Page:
Edmonton race stuck in neutral

The course is constructed, the grandstands are up, the weather forecasts are good.

In one week, cars will hit the pavement at the Rexall Edmonton Indy. But the sporting event's financial sustainability has become the topic of almost as much discussion as the race itself, after a deficit last year put city taxpayers on the hook for $5.3 million–$4 million more than anticipated.

Councilors appear split on whether the costs have been worth it.

"It's a question mark," said Coun. Ed Gibbons. "It's still early to say whether the Indy was right or wrong to do, and you can't cancel it anyway. We went in with the business plan thinking we'd do well by it. A vote's a vote and we're living with it. And I'm hoping for the best."

Indy boosters such as Coun. Tony Caterina have no doubts the cars and crowds have been good for the city.

"The publicity, you can't even put a price tag on it. The Indy is being seen by countries around the world," he said.

"We know the Indy has huge worldwide appeal," said Coun. Karen Leibovici. "Every time the cars go around the track on the TV screen, people see Edmonton. We can't afford the kind of advertising we get."

When councilors agreed in 2007 to backstop any losses on the Champ Car World Series–which has since merged with the Indy Racing League –they anticipated losses of around $1 million for at least two years. But the exposure Edmonton would receive in international television markets would be worth the money, they reasoned.

The$5.3-million loss caught everyone by surprise. Now, in the midst of a recession, Northlands is under intense scrutiny to run the$14.5-million event on budget. The expected deficit this year is $1.5 million.

The organization has been tossed a few surprises recently. Last week, it emerged the Edmonton Regional Airports Authority will charge for the use of its land, a fee waived last year. Add$250,000 to costs. On Thursday, Caterina said federal funding had been secured for the event. Add a potential $400,000 to revenues.

Coun. Ron Hayter, who unsuccessfully petitioned for an audit of last year's Indy, thinks Northlands is prepared for the race.

"They're working very hard to make sure that expenditures are looked at very closely and they're putting on a strong promotional effort. I'm cautiously confident they're going to put on the event this year without hitting the taxpayer between the eyes."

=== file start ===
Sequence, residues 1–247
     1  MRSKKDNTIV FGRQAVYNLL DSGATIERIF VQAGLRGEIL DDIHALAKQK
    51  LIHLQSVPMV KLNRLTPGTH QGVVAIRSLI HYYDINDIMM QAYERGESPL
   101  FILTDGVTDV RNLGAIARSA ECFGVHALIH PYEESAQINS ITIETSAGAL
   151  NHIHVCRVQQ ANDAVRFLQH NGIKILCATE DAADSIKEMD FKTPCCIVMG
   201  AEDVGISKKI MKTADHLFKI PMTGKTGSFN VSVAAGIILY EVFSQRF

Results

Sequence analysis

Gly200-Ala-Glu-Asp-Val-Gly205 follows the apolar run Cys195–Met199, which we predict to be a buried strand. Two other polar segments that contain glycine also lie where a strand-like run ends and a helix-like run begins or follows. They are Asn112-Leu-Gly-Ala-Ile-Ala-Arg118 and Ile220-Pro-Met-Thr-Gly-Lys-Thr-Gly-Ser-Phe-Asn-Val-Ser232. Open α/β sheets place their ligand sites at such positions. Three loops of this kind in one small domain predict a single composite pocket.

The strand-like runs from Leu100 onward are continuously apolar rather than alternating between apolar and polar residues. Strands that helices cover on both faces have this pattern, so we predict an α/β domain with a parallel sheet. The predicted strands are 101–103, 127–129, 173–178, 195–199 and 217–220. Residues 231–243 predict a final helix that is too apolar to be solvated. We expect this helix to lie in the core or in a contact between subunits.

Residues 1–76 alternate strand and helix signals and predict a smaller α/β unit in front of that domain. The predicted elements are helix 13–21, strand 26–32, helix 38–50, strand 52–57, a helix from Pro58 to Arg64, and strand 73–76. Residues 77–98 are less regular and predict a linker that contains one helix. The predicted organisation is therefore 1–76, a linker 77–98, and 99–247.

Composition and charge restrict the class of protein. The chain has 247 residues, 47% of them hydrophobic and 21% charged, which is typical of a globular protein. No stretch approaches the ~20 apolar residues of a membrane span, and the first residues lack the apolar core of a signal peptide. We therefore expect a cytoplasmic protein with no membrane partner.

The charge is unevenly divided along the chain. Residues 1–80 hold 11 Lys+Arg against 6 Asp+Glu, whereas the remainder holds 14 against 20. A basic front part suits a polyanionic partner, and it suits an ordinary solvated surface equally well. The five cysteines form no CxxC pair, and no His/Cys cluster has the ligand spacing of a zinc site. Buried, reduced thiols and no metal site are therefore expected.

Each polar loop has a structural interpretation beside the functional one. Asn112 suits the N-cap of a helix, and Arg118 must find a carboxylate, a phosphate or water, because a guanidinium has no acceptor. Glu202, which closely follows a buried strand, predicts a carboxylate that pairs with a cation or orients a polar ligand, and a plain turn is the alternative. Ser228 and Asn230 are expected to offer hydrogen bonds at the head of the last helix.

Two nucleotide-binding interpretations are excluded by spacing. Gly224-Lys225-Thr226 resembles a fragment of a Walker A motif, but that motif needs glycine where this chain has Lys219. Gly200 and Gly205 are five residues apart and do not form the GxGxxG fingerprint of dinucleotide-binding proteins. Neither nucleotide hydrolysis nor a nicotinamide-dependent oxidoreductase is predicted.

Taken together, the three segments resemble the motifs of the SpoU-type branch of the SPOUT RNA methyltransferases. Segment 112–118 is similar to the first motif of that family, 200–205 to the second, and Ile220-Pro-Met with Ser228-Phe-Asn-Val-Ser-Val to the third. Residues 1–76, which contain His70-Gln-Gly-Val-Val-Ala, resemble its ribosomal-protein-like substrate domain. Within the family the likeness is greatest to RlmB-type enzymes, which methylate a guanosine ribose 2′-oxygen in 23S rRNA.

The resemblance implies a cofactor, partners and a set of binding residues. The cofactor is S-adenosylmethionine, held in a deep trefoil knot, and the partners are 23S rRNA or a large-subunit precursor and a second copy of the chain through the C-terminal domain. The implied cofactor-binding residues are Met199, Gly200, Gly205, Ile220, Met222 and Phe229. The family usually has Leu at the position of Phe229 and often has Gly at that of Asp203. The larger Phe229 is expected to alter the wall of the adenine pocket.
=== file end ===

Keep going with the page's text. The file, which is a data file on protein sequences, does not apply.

Northlands has had a full year to promote this year's Indy, unlike 2008, when the merger of the two racing leagues left the organization with two months to market a new and much larger event.

Indy merchandise, which was conspicuously absent last year, has already made it across the border, which should boost revenues. And the Edmonton Indy should be able to play off the race's re-introduction in Toronto this year.

One week before the race, ticket sales are "going well," Northlands major events director Mike Burton said Friday. The Indy Racing League, however, does not permit the release of ticket-sale numbers.

Burton said his organization has been running a tight operation this year. It's expensive, however: Major expenses include a sanctioning fee to the racing league, grandstand construction and television rights.

"Watching every dollar that we spend has been an important part of this process, and I can tell you, I'm really satisfied with the way we've managed our expenses this year," Burton said.

The Indy Racing League has said it's interested in keeping the race in Edmonton beyond the 2010 contract. It's unclear whether councilors will be willing to support an event that has yet to break even.

"I'm interested in seeing what our citizens are thinking moving forward, and Northlands would have to agree that they'd want to continue to do it," said Coun. Kim Krushell.

"After three years, that's when it will be time to decide whether there's a business case or not. It will be a cost-benefit analysis." Edmonton Journal

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